Q&A: MSTV President David Donovan Talks ‘White Space’
David Donovan is the president of the Association for Maximum Service Television, an industry group which has worked closely with NAB and others on the white space controversy, among other key issues. Donovan recently spoke with HD Notebook:
HD Notebook:Why should broadcasters (and consumers) be concerned with the current battle over white spaces, especially when it comes to future HD transmissions?
Donovan: The fundamental issue is interference to new digital television receivers and the government-subsidized digital-to-analog converter boxes. Placing millions of these unlicensed devices on TV channels will result in permanent, irreparable damage to the TV band. With digital, even small amounts of interference can cause a picture to go from perfect to unwatchable. There are a few interference concerns.
The first is co-channel interference caused by an unlicensed device that’s turned on to an occupied TV channel inside the station’s contour. This will occur when the ‘sensing’ device contained in the unlicensed device fails to accurately detect the existence of a TV signals. This is the classic hidden-node problem. Microsoft’s and Philip’s proposed sensing level of -114 db will not be sufficient in these situations. You’ll find many ‘holes’ inside a station’s service area where the device will be fooled, and falsely conclude that no signal is available. As a result, the device turns on to the same channels that consumers are trying to watch. Because this is co-channel interference, the harmful impact from a 100-milliwatt device can extend for kilometers and even miles.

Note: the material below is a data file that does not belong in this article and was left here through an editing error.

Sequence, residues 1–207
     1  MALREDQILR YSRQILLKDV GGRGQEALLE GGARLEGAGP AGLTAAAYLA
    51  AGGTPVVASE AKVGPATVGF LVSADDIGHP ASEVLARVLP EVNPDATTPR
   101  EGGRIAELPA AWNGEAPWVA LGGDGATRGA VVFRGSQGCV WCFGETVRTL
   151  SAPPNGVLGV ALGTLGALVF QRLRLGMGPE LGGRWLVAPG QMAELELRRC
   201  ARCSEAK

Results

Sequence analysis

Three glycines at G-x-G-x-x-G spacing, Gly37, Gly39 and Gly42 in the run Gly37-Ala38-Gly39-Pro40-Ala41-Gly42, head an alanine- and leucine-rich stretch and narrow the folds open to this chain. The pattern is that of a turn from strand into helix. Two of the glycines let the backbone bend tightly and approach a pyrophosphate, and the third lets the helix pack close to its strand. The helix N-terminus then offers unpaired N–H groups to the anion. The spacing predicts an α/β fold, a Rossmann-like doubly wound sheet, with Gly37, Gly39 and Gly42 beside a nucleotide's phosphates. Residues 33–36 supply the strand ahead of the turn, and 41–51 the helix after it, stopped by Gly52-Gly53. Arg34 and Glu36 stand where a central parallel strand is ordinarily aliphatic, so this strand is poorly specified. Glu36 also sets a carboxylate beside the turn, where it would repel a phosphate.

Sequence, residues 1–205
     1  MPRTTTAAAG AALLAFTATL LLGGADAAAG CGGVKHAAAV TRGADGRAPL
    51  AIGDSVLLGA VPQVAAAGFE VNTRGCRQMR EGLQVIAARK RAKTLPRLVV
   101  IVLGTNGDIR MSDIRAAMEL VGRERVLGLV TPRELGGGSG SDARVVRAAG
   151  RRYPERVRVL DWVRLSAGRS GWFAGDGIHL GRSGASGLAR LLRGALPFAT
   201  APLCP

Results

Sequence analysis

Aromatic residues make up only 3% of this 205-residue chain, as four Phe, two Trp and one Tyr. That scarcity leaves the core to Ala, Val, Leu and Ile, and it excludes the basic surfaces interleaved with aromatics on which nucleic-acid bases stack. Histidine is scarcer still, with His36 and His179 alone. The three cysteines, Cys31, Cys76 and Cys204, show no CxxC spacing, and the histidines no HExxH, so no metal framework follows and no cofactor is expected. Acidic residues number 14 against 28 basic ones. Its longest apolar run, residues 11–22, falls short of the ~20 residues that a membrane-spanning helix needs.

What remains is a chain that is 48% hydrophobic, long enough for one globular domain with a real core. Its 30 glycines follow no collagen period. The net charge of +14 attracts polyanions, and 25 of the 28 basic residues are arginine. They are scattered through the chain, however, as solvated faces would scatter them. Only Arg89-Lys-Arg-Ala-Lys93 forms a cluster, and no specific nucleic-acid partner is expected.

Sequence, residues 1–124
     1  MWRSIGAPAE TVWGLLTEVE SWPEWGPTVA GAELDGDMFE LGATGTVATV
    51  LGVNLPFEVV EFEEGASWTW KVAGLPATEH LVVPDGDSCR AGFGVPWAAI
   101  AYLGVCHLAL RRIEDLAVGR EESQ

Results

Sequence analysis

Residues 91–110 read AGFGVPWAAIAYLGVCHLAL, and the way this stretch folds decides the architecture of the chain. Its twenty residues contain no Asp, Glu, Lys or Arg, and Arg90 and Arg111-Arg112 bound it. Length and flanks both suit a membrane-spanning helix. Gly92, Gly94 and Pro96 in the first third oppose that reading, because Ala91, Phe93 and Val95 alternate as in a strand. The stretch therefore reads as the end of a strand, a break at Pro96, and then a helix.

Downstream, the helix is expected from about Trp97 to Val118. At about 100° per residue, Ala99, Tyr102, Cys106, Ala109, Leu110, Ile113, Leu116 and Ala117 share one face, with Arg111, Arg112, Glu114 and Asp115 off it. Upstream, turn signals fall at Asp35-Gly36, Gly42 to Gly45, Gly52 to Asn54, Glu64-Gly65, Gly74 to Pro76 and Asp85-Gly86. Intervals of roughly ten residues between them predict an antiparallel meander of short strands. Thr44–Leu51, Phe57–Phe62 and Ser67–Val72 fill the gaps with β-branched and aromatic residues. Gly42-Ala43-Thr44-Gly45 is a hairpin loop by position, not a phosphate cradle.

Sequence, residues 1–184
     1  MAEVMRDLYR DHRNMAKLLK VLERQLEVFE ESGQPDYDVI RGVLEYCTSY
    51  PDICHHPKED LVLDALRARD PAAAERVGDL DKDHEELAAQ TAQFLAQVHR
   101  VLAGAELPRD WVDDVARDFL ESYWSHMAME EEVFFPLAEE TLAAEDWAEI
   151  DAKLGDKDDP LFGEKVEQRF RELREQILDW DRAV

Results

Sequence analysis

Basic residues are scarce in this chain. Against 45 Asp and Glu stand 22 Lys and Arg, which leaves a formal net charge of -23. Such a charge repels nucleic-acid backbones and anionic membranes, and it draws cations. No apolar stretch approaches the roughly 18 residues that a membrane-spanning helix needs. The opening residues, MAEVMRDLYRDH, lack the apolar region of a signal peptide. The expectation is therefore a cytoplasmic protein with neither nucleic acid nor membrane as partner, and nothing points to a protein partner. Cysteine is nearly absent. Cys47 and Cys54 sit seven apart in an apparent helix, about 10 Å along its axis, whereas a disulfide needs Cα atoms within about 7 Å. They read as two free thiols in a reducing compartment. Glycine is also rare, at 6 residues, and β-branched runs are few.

Even if sensing works, placing these devices on first- and even second-adjacent channels will cause interference to DTV receivers. Data from the Communications Research Center Canada and the FCC demonstrates clearly that adjacent-channel interference is a real concern. Depending on the signal strength of the broadcast stations, this adjacent-channel interference can extend for up to 80 meters from a digital TV set. Finally, out-of-band interference has a range of about 75 feet.
The bottom line is that consumers will have no idea what is causing interference to their new digital television sets. The interference could be coming from the apartment next door or down the street. There is not way to police this situation. Once the interfering unlicensed devices are in the hands of consumers, you cannot recall them. The federal government is about to ask consumers to spend billions of dollars in new digital receivers to meet the 2009 transition date. At the same time, Microsoft is saying to the FCC ‘trust me’ and asking the government to let it ‘experiment’ with millions of digital television sets. Nothing could be more damaging to the digital transition than injecting this type of interference into the TV band.”
HD Notebook:Yet Microsoft said some of the test results for white-space interference were actually the result of faulty prototype devices used in the testing.
Donovan: I find it ironic that after years of pushing for unlicensed devices, Microsoft delivers a faulty device to the FCC. Imagine what will happen if millions of faulty devices end up in the market. If the FCC engineering team can’t tell if the sensor is broken, what will the average consumer do? The problem is the ‘sensing’ device failed, but the transmitter kept on transmitting. The Philips device was never ‘tested’ outside the lab.